Commentary | Published:

Assigning historic responsibility for extreme weather events

Nature Climate Change volume 7, pages 757759 (2017) | Download Citation

Recent scientific advances make it possible to assign extreme events to human-induced climate change and historical emissions. These developments allow losses and damage associated with such events to be assigned country-level responsibility.

Access optionsAccess options

Rent or Buy article

Get time limited or full article access on ReadCube.

from$8.99

All prices are NET prices.

References

  1. 1.

    Adoption of the Paris Agreement Article 8 (UNFCCC, 2015).

  2. 2.

    Adoption of the Paris Agreement Article 52 (UNFCCC, 2015).

  3. 3.

    United Nations Framework Convention on Climate Change Article 1 (UN, 1992).

  4. 4.

    & Climatic Change 133, 439–451 (2015).

  5. 5.

    & Rev. Eur. Comparative Int. Environ. Law 25, 197–214 (2016).

  6. 6.

    & Science 354, 290–292 (2016).

  7. 7.

    & Nat. Clim. Change 6, 19–20 (2016).

  8. 8.

    et al. Env. Res. Lett. 12, 024022 (2017).

  9. 9.

    & Nat. Geosci. 9, 3–5 (2016).

  10. 10.

    Attribution of Extreme Weather Events in the Context of Climate Change (National Academies, 2016).

  11. 11.

    et al. (eds) Bull. Am. Meteorol. Soc. 97 (Special Suppl.), S1–S145 (2016).

  12. 12.

    , , & Bull. Am. Meteorol. Soc. 96 (Special Suppl.), 41–45 (2015).

  13. 13.

    et al. Nat. Clim. Change 6, 627–634 (2016).

  14. 14.

    Chronology — Loss and Damage (UNFCCC, 2017);

  15. 15.

    How rare were the unusually high temperatures around the North Pole in November–December 2016 and how were they influenced by anthropogenic climate change? Climate Central (21 December 2016).

Download references

Author information

Affiliations

  1. Friederike. E. L. Otto and Myles R. Allen are at the Environmental Change Institute, School of Geography and the Environment, University of Oxford, South Parks Road, Oxford OX1 3QY, UK.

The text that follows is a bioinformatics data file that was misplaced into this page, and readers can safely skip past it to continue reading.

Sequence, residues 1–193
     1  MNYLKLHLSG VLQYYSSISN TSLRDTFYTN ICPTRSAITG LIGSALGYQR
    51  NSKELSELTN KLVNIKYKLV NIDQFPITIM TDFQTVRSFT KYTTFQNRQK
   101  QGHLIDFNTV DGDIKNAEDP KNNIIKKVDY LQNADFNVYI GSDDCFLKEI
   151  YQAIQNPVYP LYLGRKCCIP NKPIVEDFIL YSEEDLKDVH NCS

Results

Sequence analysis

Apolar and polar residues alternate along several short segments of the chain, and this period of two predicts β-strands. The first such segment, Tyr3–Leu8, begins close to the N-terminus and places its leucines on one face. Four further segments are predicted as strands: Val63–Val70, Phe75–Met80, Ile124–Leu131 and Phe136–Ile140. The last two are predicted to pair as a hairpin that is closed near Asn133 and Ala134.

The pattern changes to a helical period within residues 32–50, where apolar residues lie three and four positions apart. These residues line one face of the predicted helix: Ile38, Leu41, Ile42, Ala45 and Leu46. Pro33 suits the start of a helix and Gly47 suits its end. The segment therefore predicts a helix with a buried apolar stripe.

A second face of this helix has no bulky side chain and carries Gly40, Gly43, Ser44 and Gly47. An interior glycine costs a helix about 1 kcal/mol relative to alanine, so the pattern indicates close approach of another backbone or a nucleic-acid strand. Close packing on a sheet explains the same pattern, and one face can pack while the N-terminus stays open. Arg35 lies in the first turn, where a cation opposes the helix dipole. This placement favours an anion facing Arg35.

• Friederike E. L. Otto
    •  & Myles R. Allen
  2. Ragnhild B. Skeie and Jan S. Fuglestvedt are at the Center for International Climate and Environmental Research — Oslo (CICERO), PO Box 1129 Blindern, 0318 Oslo, Norway.

    • Ragnhild B. Skeie
    •  & Jan S. Fuglestvedt
  3. Terje Berntsen is at the Department of Physics, University of Oxford, Parks Road, Oxford OX1 3PU, UK.

    • Terje Berntsen

Authors

  1. Search for Friederike E. L. Otto in:

  2. Search for Ragnhild B. Skeie in:

  3. Search for Jan S. Fuglestvedt in:

  4. Search for Terje Berntsen in:

  5. Search for Myles R. Allen in:

Contributions

F.O., M.A. and J.F. had the idea for the paper. F.O., R.S., J.F. and T.B. designed the experiments. F.O. and R.S. conducted the experiments. All authors wrote the paper.

Corresponding author

Correspondence to Friederike E. L. Otto.

Supplementary information

PDF files

  1. 1.

    Supplementary information

    Supplementary Figures and Tables

About this article

Publication history

Published

DOI

https://doi.org/10.1038/nclimate3419

Further reading

Newsletter Get the most important science stories of the day, free in your inbox. Sign up for Nature Briefing